The mouse is adorably wearing a little Santa cap, and the text points out it's cold outside, warm inside, and that mice want in.
Apparently I was not quite lazy enough. I apologize for the inconvenience.

If you told your co-workers that your house was infested with mice that put on little Santa hats they’d tell you how lucky you are to have such a precious breed of mouse prowling around. They’d be envious and people would come from miles around to see, like if you were one of those crazy houses that puts up enough lights to redirect commercial traffic, only with much less setup and take-down time needed since all you have to do is launder the mice’s caps, and that’s probably only a small load in the washing machine. And I’m not promising that the Santa-hat-wearing mice would sing adorably squeaky renditions of Christmas carols, but I think it’s plausible. Just ask.

That is, if you can find a mouse like this one, because I’m not actually sure that is a mouse. I can’t be too sure in saying that isn’t an actual domestic-type mouse of the kind that sneaks into your house and decorates and probably writes letters to Santa about you, because roughly forty percent of all the species in the world are labelled “mouse” or “rat” with some set of qualifiers, like the “grasshopper mouse” or the “lesser Wolfson’s braying mouse bat” or the “middling brown-spotted Scandinavian tactical assault mouse”, and it’s entirely possible this is one of those species. But it’s also entirely possible that some species of giraffe are identified as, oh, “long-necked tiled plains mouse” too, so all I’m getting at is that I’m not sure this is the kind of mouse you get trying to sneak into houses around here. I’m almost positive if giraffes were trying to sneak into houses I’d have noticed something, what with my bedroom being on the second floor, so I’d be able to look them in the eye.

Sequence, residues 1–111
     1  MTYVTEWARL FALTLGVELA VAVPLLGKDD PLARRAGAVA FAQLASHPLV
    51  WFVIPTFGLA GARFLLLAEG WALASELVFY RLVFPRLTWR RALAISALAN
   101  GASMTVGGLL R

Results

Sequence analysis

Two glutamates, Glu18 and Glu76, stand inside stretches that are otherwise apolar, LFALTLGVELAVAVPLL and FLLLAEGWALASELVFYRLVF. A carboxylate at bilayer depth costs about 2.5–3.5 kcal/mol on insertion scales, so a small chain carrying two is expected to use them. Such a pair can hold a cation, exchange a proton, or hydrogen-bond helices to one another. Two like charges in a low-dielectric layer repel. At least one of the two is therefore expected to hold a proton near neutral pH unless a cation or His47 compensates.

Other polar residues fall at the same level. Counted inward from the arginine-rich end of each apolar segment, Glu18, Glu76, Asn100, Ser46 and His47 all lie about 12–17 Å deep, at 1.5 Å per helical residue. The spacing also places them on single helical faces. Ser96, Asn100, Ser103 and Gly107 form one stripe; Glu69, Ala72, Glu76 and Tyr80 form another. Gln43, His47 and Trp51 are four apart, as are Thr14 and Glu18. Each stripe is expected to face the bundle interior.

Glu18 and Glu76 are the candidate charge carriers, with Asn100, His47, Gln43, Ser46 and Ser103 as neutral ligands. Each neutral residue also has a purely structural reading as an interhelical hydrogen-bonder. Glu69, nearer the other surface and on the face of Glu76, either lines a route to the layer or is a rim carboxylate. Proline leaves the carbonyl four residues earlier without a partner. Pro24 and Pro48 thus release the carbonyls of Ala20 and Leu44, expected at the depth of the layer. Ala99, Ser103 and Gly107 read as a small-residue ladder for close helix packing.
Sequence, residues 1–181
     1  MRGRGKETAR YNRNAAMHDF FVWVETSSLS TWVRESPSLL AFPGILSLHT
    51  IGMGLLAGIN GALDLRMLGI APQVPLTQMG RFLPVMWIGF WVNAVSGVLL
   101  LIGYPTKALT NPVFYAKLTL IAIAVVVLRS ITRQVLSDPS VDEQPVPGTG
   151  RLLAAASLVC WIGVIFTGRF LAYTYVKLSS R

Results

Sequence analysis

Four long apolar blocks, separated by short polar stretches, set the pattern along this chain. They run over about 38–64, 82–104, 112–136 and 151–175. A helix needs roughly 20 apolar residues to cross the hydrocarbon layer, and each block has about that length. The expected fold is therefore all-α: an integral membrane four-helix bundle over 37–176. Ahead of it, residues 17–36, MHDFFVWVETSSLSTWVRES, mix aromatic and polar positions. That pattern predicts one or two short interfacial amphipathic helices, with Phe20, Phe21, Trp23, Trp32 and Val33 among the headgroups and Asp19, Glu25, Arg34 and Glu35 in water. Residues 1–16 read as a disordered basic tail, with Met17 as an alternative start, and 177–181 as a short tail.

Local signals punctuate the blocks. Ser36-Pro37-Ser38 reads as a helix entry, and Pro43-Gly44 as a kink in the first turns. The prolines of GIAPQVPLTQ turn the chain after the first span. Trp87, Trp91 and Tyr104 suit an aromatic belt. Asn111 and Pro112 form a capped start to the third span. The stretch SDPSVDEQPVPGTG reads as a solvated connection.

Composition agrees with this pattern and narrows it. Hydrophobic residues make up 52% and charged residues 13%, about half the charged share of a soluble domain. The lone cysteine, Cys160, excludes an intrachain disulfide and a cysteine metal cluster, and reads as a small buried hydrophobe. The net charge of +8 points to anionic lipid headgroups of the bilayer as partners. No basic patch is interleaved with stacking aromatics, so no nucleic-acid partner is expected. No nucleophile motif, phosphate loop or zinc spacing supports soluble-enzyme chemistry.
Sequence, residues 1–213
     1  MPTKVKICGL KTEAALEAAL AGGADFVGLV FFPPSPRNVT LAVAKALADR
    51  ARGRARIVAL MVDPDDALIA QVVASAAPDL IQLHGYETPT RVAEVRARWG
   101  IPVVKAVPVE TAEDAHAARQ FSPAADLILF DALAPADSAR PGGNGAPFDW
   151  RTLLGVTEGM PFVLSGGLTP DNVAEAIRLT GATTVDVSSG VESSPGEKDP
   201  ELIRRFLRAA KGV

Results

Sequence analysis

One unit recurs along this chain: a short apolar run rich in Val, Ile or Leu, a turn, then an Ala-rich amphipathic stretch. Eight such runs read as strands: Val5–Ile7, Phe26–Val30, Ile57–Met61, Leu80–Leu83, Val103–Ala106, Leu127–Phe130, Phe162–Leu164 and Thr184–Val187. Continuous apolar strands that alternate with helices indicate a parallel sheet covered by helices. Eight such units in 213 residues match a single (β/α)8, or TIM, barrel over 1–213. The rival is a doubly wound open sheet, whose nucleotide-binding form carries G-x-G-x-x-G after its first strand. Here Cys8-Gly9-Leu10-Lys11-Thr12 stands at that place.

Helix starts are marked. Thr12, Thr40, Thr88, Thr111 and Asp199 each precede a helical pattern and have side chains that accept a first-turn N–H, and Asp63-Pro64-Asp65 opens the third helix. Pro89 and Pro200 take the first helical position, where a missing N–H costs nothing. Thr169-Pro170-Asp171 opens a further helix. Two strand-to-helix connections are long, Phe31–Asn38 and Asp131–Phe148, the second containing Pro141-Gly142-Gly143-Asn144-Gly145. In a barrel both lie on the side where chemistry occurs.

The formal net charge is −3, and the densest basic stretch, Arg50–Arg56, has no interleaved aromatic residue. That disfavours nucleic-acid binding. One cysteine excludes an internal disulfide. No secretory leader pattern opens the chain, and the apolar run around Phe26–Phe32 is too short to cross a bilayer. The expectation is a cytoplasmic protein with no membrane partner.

I wanted to get that cleared up but it’s hard asking people about mice when you’re on the Internet since everybody you know will hear “mouse” and warn you that you’re going to get the hanta virus, which causes you to feel perfectly normal for up to three years after seeing or thinking about a mouse and then suddenly you explode and dissipate into a fine, peppermint-scented mist. I got warnings just for touching the picture of a mouse on the flyer, and one guy I know from Binghamton (he’s in Seattle now) came over to wrestle it out of my hand, until he realized that meant he had to touch it.

So I figured the best way to get the species of the adorable critter straightened out was to go to the mouse colony out in the garage, where we don’t mind them being at all, and ask them. Unfortunately they’re in a bit of a snit because most of them set up shop in the wood pile, and I took some in for a fire the other day. Don’t worry, we have a fireplace, and every winter we keep meaning to use it to build a lovely fire and then forget to do until it’s April, but we’re still early enough in the season we haven’t remembered to forget it yet. When I took some wood off their nesting spot they complained “This is totally bogus, man” and scurried off growling about how they’ve been paying rent. They’re still upset, so I can’t say much on that front except that apparently in the slang of garage mice it’s still maybe 1992 at the latest? Go figure.

Anyway, they didn’t seem to be dressing for the holiday.

Police Blotter: Traffic Incident


September 12. Police summoned to a traffic incident at the intersection of Yarrow Lane and Levi Mortin Street. Examined collision between giraffe with improper license plates and illegally oversized wheelbarrow filled with rubber balls. Both operators ticketed for conspiring to appear in an unnecessarily delayed police blotter item. Wheelbarrow operator also ticketed for having only a confident attitude as insurance card.